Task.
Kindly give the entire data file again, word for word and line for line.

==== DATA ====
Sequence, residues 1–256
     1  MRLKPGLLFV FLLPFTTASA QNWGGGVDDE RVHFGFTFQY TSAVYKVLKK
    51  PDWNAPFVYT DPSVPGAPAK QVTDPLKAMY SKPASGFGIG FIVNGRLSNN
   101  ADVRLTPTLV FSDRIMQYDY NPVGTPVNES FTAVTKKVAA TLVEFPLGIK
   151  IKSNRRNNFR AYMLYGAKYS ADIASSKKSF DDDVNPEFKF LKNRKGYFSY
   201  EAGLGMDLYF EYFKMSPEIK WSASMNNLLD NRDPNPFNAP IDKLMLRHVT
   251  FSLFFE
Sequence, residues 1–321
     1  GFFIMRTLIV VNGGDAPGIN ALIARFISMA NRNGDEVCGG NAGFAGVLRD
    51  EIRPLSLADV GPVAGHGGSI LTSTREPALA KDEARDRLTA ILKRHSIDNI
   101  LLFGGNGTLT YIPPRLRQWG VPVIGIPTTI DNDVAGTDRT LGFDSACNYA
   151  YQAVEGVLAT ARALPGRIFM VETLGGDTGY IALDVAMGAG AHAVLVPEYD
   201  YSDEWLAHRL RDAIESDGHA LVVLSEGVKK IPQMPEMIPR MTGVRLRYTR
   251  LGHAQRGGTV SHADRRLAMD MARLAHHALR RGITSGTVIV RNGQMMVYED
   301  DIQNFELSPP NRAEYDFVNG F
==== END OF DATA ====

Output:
Sequence, residues 1–256
     1  MRLKPGLLFV FLLPFTTASA QNWGGGVDDE RVHFGFTFQY TSAVYKVLKK
    51  PDWNAPFVYT DPSVPGAPAK QVTDPLKAMY SKPASGFGIG FIVNGRLSNN
   101  ADVRLTPTLV FSDRIMQYDY NPVGTPVNES FTAVTKKVAA TLVEFPLGIK
   151  IKSNRRNNFR AYMLYGAKYS ADIASSKKSF DDDVNPEFKF LKNRKGYFSY
   201  EAGLGMDLYF EYFKMSPEIK WSASMNNLLD NRDPNPFNAP IDKLMLRHVT
   251  FSLFFE
Sequence, residues 1–321
     1  GFFIMRTLIV VNGGDAPGIN ALIARFISMA NRNGDEVCGG NAGFAGVLRD
    51  EIRPLSLADV GPVAGHGGSI LTSTREPALA KDEARDRLTA ILKRHSIDNI
   101  LLFGGNGTLT YIPPRLRQWG VPVIGIPTTI DNDVAGTDRT LGFDSACNYA
   151  YQAVEGVLAT ARALPGRIFM VETLGGDTGY IALDVAMGAG AHAVLVPEYD
   201  YSDEWLAHRL RDAIESDGHA LVVLSEGVKK IPQMPEMIPR MTGVRLRYTR
   251  LGHAQRGGTV SHADRRLAMD MARLAHHALR RGITSGTVIV RNGQMMVYED
   301  DIQNFELSPP NRAEYDFVNG F